This was going to be a downer of a post. Saturday Claire had an episode while we were driving and it hit me hard. Later that day I actually strained my neck muscles from crying so hard. Instead of going on about my fears of her funeral, I have something much better to talk about, physical therapy! We took the last two weeks of the year off as her physical therapist went on vacation. On the last day of her vacation, she fell, that caused her to have surgery on her arm. I can't say that I was excited to hear that Sue would be out for an unknown period of time. I knew that in some way or another, it would work out, that kept me from panicking. Imagine my surprise when I got a call on the first day back to school, it was Sue and Claire could come in for her time on the treadmill. You see, Dave, Sue's boss was going to be her hands. Dave is the guy in charge of the CCS unit that we work with and is also a physical therapist, he just typically does more office related stuff, being the boss and all. He is the guy who signed off on Claire's eye gaze computer and the particular mounting system that we got for it, pretty important office related stuff! Back to my story, that day Sue coached Dave on what she does with Claire on the treadmill. It takes a very special balance of support and backing off at the same time to help her walk and I was certainly impressed to see how quickly Dave picked it up. Today was our fifth session with him and we had a wildly successful time on the treadmill.  At the end Claire didn't want to stand up, that's how I knew that she was really pushing hard even though she made it look easy. Before we left, Dave brought out a new toy of sorts for Claire to try. He was thinking about what we were working on and thought it was worth a try with a walker that she could rest her arms on. We tried it out and although it wasn't perfect, it was good, very very good. More importantly, she loved it. We have plans to try out other configurations with it tomorrow and I am hopeful that we will figure something out. The whole thing makes me excited. Excited that Claire is continuing to progress and excited that dispite some random circumstances, it is all working out well. Three weeks ago I would have told you that I couldn't imagine having to switch physical therapist as we have been in such a great groove lately. Yet with a fresh set of hands and eyes came a little different perspective and maybe yet another path that could lead to our goal. No, I'm still not glad that Claire has Rett syndrome but I am encouraged in it, so we will go on another day and look forward to the other unexpected stuff that we will have to be excited about, it's out there.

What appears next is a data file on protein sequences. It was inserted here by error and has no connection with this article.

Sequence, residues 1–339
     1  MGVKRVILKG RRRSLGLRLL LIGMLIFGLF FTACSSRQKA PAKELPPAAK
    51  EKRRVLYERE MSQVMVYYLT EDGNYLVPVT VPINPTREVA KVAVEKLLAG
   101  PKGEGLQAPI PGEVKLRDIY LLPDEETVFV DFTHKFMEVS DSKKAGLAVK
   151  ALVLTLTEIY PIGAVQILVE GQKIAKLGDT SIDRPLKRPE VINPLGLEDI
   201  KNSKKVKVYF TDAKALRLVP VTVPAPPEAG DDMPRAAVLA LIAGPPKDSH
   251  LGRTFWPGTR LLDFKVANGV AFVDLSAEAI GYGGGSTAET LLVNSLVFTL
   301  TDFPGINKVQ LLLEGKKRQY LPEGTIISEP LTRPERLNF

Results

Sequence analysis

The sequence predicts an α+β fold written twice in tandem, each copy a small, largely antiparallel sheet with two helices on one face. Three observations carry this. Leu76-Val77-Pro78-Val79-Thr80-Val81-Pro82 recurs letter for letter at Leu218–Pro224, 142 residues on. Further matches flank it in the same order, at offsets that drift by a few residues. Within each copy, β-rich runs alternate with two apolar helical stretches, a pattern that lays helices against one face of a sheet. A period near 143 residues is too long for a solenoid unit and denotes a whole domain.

Another Wave

Here are a few pictures from my first week of the year.








You can see, I had a pretty great week. By Thursday I almost started to think that I might need to think of something else to do, other than sitting and watching the waves, taking deep breathes of the fresh salty air. I was grateful each day for the beauty that surrounded me and the time to be able to take it in. I had started to wonder, is this it, is life really going to be normal? I really did even start to think that maybe our life was so stable that I needed to add to it. Is it time to take some classes, get a part time job, volunteer? Yes, I get three days with two hour increments to do nothing and I think I need to go back to work, noted, I am crazy. Of coarse,  when I got the call from the school that Claire stopped breathing for longer than normal and threw up a little I thought better of it. Then came Friday. I took Chloe out for apple juice at my favorite coffee shop. She picked out three books to bring in and read. That is when it hit. Like a giant wave it crashed on me, the grief, it was all too good. It wasn't this good when Claire was two. I never took her out to coffee to read stories on a Friday morning. Every Friday she had an hour of physical therapy first thing, then we worked on other things, but we weren't out, just having fun. I do take her out and we do fun things. Monday's picture was taken after we went out to the same coffee shop, only she gets whip cream, not apple juice. Then we took a walk down to the water and she had a major dystonic thing, so I sat and held her for 20 minutes while she recovered, then we walked on and eventually took the cute smiley picture. I so badly want it all to be good, but it isn't. The more that I think about it I see that as the challenge for the next year, to enjoy it and hate it and roll with it as it goes it's own way. As much as I hate it, rett syndrome is a part of my life, my really awesome and wonderful life, and it might just take forever for me to figure out how to balance that, but I might as well keep trying.